Correspondence Journal of the Intensive Care Society 2017, Vol. 18(2) 173 ! The Intensive Care Society 2016 Reprints and permissions: journalsPermissions.nav DOI: 10.1177/1751143716674227

Cardiac arrest in ICU James Cook1 and Matt Thomas2

The true incidence and outcome of cardiac arrest within the intensive care unit (ICU) is unknown. In a systematic review, Efendijev et al.1 noted the incidence of ICU cardiac arrest varied from 5.6 to 78.1 cardiac arrests per 1000 ICU admissions. They concluded ‘data on intensive care unit cardiac arrest is quite limited and. . . the quality of data overall seems to be moderate’ and recommended focused prospective multicentre studies. Southmead Hospital, Bristol has a 42-bed neurosciences, trauma and general ICU with 2000 admissions annually. Using Wardwatcher2 data since January 2015, we determined that the incidence of cardiac arrest requiring cardiopulmonary resuscitation (CPR) in our unit was 25 cardiac arrests per 1000 admissions. Overall, 56 patients received CPR on a total of 75 occasions. The range of episodes of CPR per patient during ICU admission was 1–5 with a median of 1 episode and 11 patients receiving CPR on more than one occasion. Reflecting closely the case mix of our ICU, 52% (29/56) were from surgical specialities, 46% (26/56) from medical specialities and 2% (1/56) were obstetric; 59% (33/56) were male and 41% (23/ 56) female. Compared to those who did not, patients who did receive CPR were older (63.08  17.51 and 58.45  18.19 years), a greater proportion were unplanned admissions (69.6% and 54.6%), more had CPR prior to admission (17.8% and 3.5%) and they had a higher mean Intensive Care National Audit and Research Centre (ICNARC) predicted mortality score (53.8  30.79 and 18.92  23.65). Those receiving CPR had a median length of ICU stay of 4.6 days (22.7 days in unit survivors) compared to median 3.1 days in those who did not. Importantly, 69.6% of patients who received CPR in the ICU died compared to 10.5% of those who did not. The standardised mortality ratios for comparison are 1.29 (0.92–1.72) and 0.55 (0.49– 0.62) for CPR and no CPR, respectively. These are clinically significant differences between the CPR and no CPR groups for key outcomes like length of stay and unit mortality. There did not appear to be significant differences between those who survived and those who died following CPR (data not shown), but caution is necessary given the small data set. ICNARC’s Case Mix Programme3 does not collect data on cardiac arrest in ICU. Nor is data on cardiac arrest in ICU collected for the National Cardiac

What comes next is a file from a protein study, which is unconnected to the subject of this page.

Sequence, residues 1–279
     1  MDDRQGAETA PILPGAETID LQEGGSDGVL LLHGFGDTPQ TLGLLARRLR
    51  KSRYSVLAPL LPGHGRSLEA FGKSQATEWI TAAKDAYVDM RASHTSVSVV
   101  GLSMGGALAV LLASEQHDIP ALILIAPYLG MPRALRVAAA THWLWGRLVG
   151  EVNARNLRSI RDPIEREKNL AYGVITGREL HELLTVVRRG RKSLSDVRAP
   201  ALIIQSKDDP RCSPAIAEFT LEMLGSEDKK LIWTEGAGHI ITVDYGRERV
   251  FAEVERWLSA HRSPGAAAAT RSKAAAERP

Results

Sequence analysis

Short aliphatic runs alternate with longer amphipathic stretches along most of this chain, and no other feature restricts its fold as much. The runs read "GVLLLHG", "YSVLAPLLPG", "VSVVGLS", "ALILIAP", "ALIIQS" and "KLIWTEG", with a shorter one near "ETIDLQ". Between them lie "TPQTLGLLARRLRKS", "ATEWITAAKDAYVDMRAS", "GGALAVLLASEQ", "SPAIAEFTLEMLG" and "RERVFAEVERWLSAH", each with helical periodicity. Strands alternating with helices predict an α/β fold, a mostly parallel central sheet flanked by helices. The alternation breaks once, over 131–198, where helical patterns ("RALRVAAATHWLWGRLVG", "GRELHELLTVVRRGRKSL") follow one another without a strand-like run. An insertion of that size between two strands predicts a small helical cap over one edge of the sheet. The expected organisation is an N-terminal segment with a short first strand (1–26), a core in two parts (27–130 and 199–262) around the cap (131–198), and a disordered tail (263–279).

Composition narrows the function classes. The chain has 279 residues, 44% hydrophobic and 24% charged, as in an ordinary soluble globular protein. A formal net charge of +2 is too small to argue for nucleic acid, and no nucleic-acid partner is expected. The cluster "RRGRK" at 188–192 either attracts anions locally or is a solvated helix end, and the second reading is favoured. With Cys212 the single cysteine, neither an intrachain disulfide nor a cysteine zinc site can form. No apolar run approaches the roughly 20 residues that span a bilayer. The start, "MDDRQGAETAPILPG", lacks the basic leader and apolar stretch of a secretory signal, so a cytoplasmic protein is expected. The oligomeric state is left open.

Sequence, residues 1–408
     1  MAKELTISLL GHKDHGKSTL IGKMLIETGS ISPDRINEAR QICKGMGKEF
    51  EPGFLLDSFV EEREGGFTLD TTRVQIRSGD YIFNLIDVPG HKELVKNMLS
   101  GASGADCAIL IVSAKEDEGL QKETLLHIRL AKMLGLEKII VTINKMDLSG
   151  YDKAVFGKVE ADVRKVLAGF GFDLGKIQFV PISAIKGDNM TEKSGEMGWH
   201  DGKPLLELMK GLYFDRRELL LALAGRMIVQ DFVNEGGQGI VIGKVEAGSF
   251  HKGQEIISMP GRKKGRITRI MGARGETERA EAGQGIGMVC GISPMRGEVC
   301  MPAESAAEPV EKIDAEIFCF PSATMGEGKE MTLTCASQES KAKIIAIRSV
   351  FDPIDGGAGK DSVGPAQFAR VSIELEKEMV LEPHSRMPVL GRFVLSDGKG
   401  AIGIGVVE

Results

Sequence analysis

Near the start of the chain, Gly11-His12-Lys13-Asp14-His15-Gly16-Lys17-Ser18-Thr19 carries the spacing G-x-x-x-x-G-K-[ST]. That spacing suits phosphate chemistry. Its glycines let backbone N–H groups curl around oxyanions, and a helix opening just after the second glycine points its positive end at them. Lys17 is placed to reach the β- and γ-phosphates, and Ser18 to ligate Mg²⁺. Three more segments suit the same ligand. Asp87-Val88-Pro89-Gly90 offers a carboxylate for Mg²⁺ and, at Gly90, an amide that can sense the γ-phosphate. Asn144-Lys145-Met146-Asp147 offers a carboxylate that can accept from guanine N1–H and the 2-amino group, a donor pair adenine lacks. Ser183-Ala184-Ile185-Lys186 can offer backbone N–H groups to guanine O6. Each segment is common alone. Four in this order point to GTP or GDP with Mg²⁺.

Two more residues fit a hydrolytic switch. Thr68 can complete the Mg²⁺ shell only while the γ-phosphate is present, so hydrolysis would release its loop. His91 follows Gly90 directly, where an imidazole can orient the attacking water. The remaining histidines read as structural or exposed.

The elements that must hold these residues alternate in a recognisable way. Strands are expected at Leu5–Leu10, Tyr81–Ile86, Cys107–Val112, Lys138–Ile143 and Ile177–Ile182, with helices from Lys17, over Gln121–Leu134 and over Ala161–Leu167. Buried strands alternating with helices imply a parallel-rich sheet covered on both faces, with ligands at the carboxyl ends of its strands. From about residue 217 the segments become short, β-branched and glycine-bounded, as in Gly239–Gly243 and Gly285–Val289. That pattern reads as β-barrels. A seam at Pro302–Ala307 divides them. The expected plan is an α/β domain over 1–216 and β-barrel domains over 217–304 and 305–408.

Arrest Audit (NCAA),4 also run by ICNARC, as a ‘2222’ call is not made. Data collected for the NCAA include day and time of arrest, presenting rhythm, duration of resuscitation attempt and reason resuscitation stopped. In addition to the data already collected by the Case Mix Programme, inclusion of these data would allow more detailed prospective multicentre analysis of cardiac arrest in ICU. We believe ICNARC should modify the Case Mix Program to include the NCAA dataset for cardiac arrest in ICU. Case mix adjusted incidence could be a key performance indicator for quality of care. More importantly, better data would allow strategies to predict and prevent cardiac arrest in the ICU, delivering better outcomes for patients. Acknowledgement This work was performed at Southmead Hospital, Bristol.

Declaration of conflicting interests The author(s) declared no potential conflicts of interest with respect to the research, authorship, and/or publication of this article.

Funding The author(s) received no financial support for the research, authorship, and/or publication of this article.

References 1. Efendijev I, Nurmi J, Castren M, et al. Incidence and outcome from adult cardiac arrest occurring in the intensive care unit: a systematic review of the literature. Resuscitation 2014; 85: 472–479. 2. Wardwatcher, html (accessed 18 August 2016). 3. Intensive Care National Audit and Research Centre Case Mix Programme, Audits/Cmp/About (accessed 18 August 2016). 4. National Cardiac Arrest Audit, Home (accessed 18 August 2016).

1 Department of Anaesthetics, Glangwili General Hospital, Carmarthen, UK 2 Southmead Hospital, Bristol, UK

Corresponding author: James Cook, Department of Anaesthetics, Glangwili General Hospital, Dolgwilli Road, Carmarthen SA31 2AF, UK. Email: [email protected]

Cardiac arrest in ICU.

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